He was also the proponent of the Tricycle Tour Ordinance, which takes tourists to Malabon’s century-old churches, heritage houses, and culinary destinations aboard a tricycle. “That is a first in the Philippines,” he
TRUTHFUL AND GENEROUS SERVICE
Dela Cruz, like anyone else, has his detractors, but he simply ignores them. He also stands firm in the face of political temptations. “Perhaps it is because I was not born a politician. Our family is not a political family. I come from a religious family. I am religious and I’m afraid of doing things that would hurt others.” He goes on, “We all know that people equate politicians with corrupt individuals. That is why, since becoming a public servant, I have used my salary to help others. There is nothing left for me. I give away everything.” Dela Cruz sincerely cares about his constituents, but he also wants to motivate them to help others and themselves because the local government cannot take care of everything for them. “Huwag iasa ang lahat sa pamahalaan. Pero nandidito kami. Naririto si Ninong para tumulong, pero magtulungan tayo. Tulungan din ang sarili para mas maging maayos ang lahat (Do not just depend on the government, although we are here to help. Ninong is here to help. Let us help each other. Also, help yourselves so that everything will be better).” As he perseveres in his second vice mayoral term, Dela Cruz aims to continue his brand of leadership marked by service and love. “Kapag wala sa puso mo ‘yung ginagawa mo, pangit. Alam ng tao ‘yun, mararamdaman ng tao ‘yun. Para ka lang nagluluto, ‘pag wala sa puso mo ang pagluluto, hindi masarap (When your actions are not from the heart, they do not turn out fine. People are aware of this and can sense it. It’s similar to when you cook: if it’s not from the heart, it won’t taste good).” Finally, Dela Cruz reiterates how vital it is that public service stem from the heart. “The will to serve must come from your heart. It is easier to think that way. And of course, foremost is you need the Lord to guide you,” he ends.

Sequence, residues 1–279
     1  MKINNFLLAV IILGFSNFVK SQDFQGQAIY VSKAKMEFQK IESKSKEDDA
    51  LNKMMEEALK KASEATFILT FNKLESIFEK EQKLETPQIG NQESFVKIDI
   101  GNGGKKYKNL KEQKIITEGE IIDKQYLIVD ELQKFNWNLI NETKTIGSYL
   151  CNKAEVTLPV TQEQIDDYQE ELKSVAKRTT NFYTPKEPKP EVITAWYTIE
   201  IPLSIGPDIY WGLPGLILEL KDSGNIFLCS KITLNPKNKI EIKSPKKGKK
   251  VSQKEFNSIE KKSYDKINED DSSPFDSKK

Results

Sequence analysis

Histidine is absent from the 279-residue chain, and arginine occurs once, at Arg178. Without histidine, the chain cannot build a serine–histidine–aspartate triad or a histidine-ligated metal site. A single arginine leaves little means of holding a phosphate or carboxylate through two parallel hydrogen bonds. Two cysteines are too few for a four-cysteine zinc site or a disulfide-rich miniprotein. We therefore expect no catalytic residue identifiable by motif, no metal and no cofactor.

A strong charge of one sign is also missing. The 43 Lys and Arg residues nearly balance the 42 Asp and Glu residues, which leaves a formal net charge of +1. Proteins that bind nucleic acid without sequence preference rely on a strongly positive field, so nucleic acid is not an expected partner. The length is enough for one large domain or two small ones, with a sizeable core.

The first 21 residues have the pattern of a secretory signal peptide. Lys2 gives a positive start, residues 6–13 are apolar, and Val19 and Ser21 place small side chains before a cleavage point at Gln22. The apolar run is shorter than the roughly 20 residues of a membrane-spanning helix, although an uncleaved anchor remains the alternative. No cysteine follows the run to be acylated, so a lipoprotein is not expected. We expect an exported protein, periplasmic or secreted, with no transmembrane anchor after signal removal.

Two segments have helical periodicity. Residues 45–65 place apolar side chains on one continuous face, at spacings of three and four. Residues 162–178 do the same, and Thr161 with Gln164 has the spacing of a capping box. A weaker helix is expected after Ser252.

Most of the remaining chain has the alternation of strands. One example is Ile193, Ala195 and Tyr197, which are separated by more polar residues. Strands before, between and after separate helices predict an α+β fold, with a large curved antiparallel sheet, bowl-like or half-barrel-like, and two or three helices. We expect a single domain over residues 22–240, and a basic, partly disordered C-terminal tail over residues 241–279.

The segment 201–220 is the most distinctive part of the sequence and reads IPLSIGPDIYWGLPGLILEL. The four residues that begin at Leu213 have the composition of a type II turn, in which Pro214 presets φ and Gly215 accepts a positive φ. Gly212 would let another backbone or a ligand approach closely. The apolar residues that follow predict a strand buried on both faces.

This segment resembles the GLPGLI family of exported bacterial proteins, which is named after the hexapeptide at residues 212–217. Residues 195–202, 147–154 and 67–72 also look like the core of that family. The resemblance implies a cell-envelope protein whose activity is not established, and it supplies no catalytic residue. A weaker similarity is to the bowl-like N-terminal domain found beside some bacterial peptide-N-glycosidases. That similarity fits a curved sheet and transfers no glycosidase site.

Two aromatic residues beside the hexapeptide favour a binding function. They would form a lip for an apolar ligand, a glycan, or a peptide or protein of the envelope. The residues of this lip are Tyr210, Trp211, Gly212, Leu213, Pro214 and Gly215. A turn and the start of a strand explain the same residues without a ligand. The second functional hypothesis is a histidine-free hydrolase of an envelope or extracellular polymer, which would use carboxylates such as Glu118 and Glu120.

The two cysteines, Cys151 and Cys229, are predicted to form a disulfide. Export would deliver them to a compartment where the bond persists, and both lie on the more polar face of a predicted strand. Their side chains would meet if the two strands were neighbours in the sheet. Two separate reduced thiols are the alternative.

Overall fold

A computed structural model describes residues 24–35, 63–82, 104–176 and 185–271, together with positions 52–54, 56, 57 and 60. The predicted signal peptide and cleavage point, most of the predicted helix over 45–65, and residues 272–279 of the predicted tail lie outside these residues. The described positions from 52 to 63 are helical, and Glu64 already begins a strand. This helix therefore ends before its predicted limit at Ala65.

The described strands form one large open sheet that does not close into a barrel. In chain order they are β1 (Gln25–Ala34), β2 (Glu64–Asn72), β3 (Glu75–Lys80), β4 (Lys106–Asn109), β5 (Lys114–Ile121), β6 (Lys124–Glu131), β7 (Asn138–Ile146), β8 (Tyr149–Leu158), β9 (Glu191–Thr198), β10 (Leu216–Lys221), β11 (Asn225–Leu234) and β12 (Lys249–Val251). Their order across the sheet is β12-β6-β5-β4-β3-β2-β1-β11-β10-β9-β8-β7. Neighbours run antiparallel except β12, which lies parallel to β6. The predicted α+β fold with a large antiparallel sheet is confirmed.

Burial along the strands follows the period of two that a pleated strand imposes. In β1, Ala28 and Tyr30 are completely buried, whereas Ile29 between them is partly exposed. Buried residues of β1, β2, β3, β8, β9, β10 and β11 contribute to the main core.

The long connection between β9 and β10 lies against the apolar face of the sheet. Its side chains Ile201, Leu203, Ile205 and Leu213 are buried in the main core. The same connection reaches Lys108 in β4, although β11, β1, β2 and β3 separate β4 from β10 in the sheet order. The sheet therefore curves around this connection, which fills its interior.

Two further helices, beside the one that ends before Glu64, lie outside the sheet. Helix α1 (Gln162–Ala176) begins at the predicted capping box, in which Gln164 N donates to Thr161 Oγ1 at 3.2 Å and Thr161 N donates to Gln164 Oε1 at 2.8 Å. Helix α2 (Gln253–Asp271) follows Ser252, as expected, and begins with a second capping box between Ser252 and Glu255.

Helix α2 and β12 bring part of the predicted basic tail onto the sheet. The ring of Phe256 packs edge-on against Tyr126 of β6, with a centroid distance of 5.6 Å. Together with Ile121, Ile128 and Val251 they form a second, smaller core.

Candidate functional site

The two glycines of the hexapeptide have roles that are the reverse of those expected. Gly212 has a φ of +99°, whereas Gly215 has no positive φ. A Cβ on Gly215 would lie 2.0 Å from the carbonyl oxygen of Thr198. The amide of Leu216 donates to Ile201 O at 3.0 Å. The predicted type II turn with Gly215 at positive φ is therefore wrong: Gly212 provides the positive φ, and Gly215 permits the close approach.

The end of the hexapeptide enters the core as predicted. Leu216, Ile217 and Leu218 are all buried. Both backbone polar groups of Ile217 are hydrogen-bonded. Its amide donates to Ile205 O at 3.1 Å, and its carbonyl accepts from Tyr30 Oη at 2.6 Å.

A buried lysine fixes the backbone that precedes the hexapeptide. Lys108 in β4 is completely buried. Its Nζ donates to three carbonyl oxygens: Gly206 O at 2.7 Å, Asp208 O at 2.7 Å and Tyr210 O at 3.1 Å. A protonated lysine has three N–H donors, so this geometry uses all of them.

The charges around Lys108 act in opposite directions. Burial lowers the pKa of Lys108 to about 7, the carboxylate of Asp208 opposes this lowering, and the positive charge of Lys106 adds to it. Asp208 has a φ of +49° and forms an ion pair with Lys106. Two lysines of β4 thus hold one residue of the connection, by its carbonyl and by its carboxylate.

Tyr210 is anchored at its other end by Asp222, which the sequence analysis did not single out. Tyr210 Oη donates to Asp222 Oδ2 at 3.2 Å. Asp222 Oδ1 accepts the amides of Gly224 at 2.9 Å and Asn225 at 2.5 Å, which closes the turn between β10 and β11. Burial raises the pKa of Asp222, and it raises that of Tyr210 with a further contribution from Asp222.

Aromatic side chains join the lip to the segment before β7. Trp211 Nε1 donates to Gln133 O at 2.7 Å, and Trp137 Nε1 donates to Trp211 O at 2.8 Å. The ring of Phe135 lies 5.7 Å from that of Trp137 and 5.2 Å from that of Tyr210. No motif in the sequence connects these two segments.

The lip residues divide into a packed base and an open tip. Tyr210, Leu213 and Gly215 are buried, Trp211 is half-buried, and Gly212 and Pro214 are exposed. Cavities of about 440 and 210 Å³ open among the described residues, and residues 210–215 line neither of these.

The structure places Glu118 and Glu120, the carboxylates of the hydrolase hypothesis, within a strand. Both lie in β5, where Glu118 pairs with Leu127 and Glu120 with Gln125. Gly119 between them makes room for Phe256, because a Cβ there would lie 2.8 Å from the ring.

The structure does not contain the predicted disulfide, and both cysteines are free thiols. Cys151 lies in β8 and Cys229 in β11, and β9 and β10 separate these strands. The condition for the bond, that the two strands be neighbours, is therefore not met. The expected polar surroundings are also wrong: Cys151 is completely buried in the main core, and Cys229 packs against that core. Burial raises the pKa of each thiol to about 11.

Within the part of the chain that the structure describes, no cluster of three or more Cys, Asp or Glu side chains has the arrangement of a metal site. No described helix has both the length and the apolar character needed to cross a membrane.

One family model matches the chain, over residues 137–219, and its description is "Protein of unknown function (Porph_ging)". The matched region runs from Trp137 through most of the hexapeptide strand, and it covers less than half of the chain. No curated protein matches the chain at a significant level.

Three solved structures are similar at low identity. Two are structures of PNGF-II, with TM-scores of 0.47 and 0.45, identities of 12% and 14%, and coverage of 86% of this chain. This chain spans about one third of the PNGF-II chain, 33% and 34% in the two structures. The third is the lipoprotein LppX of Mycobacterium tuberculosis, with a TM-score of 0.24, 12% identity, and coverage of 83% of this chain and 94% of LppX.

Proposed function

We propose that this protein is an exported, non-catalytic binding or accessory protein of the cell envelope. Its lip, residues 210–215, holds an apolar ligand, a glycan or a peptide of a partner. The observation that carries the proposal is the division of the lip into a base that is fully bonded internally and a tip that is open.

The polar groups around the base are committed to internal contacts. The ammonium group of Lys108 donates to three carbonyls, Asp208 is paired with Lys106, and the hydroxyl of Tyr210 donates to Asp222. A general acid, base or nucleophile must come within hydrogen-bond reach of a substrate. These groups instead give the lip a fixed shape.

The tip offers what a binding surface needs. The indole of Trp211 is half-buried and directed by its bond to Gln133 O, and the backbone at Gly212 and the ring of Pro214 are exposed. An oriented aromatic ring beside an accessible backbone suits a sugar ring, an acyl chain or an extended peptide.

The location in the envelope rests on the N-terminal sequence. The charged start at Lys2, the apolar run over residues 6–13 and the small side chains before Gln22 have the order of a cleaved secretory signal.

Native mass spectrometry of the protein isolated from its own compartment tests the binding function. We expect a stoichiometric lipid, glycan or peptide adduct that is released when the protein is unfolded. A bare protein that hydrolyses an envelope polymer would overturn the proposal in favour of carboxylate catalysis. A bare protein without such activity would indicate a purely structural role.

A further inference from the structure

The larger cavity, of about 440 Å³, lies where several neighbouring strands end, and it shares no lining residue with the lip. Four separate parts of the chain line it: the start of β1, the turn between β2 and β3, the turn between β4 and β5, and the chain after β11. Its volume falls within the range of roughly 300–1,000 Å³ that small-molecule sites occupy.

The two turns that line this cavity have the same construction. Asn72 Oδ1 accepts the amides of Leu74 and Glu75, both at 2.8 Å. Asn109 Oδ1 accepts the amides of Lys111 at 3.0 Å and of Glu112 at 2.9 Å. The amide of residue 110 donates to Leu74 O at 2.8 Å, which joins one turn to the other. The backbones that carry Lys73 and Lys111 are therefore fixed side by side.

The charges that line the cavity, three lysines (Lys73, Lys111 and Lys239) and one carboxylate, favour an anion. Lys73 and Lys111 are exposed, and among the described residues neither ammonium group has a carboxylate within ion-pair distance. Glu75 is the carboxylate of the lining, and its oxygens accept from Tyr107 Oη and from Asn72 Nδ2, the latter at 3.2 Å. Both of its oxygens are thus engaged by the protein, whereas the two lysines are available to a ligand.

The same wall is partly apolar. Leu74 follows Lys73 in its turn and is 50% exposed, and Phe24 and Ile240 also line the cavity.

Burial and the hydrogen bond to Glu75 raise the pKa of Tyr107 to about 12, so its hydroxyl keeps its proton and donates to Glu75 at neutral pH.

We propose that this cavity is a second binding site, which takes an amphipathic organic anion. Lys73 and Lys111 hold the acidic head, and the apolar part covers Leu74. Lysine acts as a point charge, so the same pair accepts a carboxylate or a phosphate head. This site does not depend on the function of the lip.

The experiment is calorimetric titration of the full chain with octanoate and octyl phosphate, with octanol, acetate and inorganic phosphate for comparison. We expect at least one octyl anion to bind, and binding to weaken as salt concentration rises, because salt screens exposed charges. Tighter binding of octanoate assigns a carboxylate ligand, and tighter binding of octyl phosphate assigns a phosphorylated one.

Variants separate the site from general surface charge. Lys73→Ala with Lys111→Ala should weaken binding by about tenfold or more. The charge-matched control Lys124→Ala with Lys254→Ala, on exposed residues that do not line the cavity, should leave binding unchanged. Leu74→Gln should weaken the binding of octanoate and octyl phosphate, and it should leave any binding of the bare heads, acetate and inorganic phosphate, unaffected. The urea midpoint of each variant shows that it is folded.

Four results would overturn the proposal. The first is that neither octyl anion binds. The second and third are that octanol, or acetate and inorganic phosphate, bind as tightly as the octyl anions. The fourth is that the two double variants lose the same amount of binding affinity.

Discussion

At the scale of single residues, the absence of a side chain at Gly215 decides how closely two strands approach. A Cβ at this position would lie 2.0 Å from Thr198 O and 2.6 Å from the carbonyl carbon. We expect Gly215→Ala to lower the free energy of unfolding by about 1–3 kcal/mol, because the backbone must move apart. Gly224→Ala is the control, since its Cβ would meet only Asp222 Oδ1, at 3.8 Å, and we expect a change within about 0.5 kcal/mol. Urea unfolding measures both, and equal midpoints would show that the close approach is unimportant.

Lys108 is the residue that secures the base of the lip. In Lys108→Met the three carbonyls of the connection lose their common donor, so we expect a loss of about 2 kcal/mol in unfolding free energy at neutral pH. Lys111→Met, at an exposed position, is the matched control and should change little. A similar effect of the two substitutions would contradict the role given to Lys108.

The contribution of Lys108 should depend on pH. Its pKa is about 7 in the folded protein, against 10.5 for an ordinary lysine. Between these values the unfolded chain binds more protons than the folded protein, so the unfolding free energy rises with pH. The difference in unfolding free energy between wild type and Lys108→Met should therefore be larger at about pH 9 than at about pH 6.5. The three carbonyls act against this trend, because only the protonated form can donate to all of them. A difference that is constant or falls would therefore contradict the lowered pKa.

“Pinipilit ko na mag-isip pa ng mga programa na makakapagbigay sa kanila ng mas magandang buhay o makatulong man lang na umangat ang kanilang pamumuhay (I always to think of more programs that can give them a better life or at least help raise their standard of living).”